I feel I need to write a little more about Teach Like a Pirate. After posting my review of it yesterday, I’ve received numerous comments from people on Twitter which led me to wonder if people were reading greater negativity in my review than I’d intended. I don’t believe there is anything particularly wrong with the book, and certainly many teachers have found it inspiring. I just simply didn’t get a great deal out of reading it myself. My ratings on Goodreads are personal – I rate books based on how they impact me, not on how they might impact others.
But, to be fair to Dave Burgess, who, comes across as a very lovely guy and an excellent teacher, I’d now like to write a little more about his book to correct some of the misconceptions floating around out there.
Teach Like a Pirate is not about dressing up as a pirate and engaging students through performing as a character.
The book is about engagement, and PIRATE is an acronym that Burgess has developed to help his readers remember his key ideas:
P – Passion
I – Immersion
R – Rapport
A – Ask and Analyse
T – Transformation
E – Enthusiasm
I really did like his chapter on passion. When people reflect on which teachers made the greatest impact on them, often they will tell you they were the teachers who taught with great passion and enthusiasm. In Teach Like a Pirate, Burgess writes about the importance of having passion for whatever you are teaching, and if you are not feeling it, how to find it. There were some good tips here for people who aren’t feeling passion.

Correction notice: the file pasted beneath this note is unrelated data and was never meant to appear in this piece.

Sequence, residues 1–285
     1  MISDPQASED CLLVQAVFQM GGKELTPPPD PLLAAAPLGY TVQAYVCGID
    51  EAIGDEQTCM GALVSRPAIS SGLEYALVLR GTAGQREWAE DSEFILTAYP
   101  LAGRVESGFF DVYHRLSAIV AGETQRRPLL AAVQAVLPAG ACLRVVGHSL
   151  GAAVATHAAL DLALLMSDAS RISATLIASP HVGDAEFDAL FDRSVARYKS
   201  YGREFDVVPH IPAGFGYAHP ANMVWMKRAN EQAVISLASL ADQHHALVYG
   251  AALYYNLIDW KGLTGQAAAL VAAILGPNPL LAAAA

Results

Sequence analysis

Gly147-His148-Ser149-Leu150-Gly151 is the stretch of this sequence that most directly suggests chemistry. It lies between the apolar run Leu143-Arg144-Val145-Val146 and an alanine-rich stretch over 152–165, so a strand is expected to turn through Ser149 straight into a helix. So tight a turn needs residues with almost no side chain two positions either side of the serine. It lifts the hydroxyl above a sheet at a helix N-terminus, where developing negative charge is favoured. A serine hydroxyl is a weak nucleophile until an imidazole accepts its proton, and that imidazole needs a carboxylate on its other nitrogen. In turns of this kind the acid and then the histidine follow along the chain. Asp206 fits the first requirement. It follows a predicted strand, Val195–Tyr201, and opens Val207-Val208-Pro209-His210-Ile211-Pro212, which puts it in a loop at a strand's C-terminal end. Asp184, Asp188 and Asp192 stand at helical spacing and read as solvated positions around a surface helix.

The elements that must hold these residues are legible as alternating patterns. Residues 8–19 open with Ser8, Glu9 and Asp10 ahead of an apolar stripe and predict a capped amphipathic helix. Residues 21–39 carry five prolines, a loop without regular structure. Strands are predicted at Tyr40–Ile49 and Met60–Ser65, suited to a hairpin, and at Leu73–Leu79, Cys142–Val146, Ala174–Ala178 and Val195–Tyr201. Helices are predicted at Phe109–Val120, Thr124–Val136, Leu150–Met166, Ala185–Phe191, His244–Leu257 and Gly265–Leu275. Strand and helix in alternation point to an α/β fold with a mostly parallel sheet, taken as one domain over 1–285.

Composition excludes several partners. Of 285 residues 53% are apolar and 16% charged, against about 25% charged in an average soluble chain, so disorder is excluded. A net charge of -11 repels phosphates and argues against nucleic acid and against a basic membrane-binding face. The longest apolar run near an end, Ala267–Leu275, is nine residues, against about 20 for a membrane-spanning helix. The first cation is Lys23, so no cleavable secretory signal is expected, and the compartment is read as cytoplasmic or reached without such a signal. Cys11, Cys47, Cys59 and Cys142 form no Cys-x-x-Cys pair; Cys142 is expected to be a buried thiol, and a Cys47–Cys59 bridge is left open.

Burgess talked about three sources of passion: content passion, professional passion and personal passion. Basically if you’re not feeling passionate about the content of the curriculum, you can draw on your professional passion for teaching and learning, or draw on personal passions and weave them into your subject. He had some great suggestions, which, as I wrote yesterday would be helpful for teachers who are feeling a bit jaded and need to find their spark. For me, passion isn’t an issue, perhaps I’m lucky, but there are very few areas of the curriculum I don’t love teaching, and I guess I frequently draw on what Burgess would call my professional passion – I love helping kids learn. So yes, great tips, just not something I needed particular help with.
I won’t go into detail about the remaining parts of the acronym, you can read the book if you want that. I did like the part about rapport – Burgess wrote a lot about the importance of building strong, positive relationships with students. I agree with him on the importance of this, and he had some great tips for how to get to know students at the start of the year.
As well as explaining his acronym and providing examples of how to achieve each part, Burgess had a an entire section focused on what he called ‘hooks’. These are the elements in each lesson that capture and hold students’ interest. He provided an extensive list of some very good ideas, ranging from coming to class in character, to teaching outdoors, to engaging in projects to solve real world problems. So yes, heaps of great ideas that teachers can pick and choose from to increase the engagement in their classrooms.
I guess I prefer a book with a more theoretical framework. Rather than fitting good teaching into a PIRATE acronym, I’d rather fit it into a pedagogical model like the NSW Quality Teaching Framework (QTF) Maybe that seems a little dry compared to being a pirate (no pun intended) but I think teachers are more than capable of dealing with some basic theory. Theory is also important because it helps us understand WHY things work.